But let us test for a moment Mr. Sørensen's ideas. In these Sunday schools "religion" is taught but no definite confession! Religion with no definite confession! Has anyone ever heard of such a thing? Is this not sheer nonsense or the most consummate hypocrisy? Now I have been a teacher of religion --- part of the time as a schoolteacher and part of the time as a preacher --- for the past twenty-two years. I have explained the Scriptures and the Catechism to young and old alike; but to do this in a vital and truly worth-while manner without bringing in one's own convictions is impossible so long as one has convictions of his own --- so long as one has any faith. And if Mr. Sørensen or any other "enlightened" person comes and tells me that he can teach these children religion without following some pattern or creed, I reply that he must be of those who are neither hot nor cold, and that whatever tasteless stuff he teaches these little ones will remain dead and useless knowledge and will have absolutely no healthful or vigorous influence upon their hearts. Mr. Sørensen's opinion --- that it doesn't matter where or how the children learn the Christian religion --- necessarily leads to the widespread heresy that all will be saved, regardless of faith.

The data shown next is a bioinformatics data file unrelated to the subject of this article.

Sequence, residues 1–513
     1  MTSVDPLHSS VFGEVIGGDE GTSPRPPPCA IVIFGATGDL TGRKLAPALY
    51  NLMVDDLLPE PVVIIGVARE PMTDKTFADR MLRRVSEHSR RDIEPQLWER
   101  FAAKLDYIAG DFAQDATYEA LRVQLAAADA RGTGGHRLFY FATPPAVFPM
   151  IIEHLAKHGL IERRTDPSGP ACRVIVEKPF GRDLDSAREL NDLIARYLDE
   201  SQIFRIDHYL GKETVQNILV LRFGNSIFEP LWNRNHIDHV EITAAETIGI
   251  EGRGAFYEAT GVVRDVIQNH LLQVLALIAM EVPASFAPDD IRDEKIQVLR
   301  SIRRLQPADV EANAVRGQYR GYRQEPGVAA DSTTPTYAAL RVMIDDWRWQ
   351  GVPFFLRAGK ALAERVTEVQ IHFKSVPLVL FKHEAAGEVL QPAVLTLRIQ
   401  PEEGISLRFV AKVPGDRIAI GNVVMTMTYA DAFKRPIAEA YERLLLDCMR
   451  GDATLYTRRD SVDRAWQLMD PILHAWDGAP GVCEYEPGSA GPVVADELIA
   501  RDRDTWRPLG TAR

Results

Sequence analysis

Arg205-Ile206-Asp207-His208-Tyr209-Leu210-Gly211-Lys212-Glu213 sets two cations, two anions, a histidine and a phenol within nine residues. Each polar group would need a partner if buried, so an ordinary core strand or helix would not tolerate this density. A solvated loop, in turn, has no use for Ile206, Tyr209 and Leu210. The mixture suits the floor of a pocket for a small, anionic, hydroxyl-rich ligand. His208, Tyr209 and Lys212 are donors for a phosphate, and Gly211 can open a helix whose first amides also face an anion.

Mr. Sørensen has gone out of his way to distort the truth as far as possible about what has been reported of our teachers' meeting, and now he would have it appear that we are opposed to having our children learn English. This is not true. My own children learn to read English and Norwegian at the same time, and both my oldest children, seven and five years of age, read both languages almost equally well, and I do not find that on this account they include English words in the Norwegian or vice versa. To the contrary! They learn both languages better for this very reason and never confuse the two tongues. For my part I wish that all parents in America would adopt the same method. Mr. Sørensen chides us because we call the English language a "foreign language." But is it not that to us? It is not our mother tongue, that is certain --- as Mr. Sørensen himself must have discovered in spite of his "Americanism." And if it is not a mother tongue, it is a foreign language. There is no alternative. The most learned philologists maintain that a person can have but one mother tongue, and in this language he thinks and he prays; it is the language of his heart. If this is true for the learned philologist, how much more true it is for children. And what language is the "heart language" of children but the language that is used at home with the other members of his family? Would Mr. Sørensen have us teach our children religion in any other language but the language of the heart? I say no, because we desire to bring God and the Saviour as close to the child's heart as possible, and must consequently use the language which is the best medium for that purpose. For the same reason we do our preaching in Norwegian. My principle with respect to the whole situation is simply this: that the language which is the language of the home and of the family must be the language of the church and of the religious school. When the English language supplants the Norwegian in the home, our Norwegian speech will have lost its right to be used in the church and in the religious school --- but not before. To bring in religious instruction in English to those who daily hear and speak and think in Norwegian is "sheer humbug," not to give it a worse name.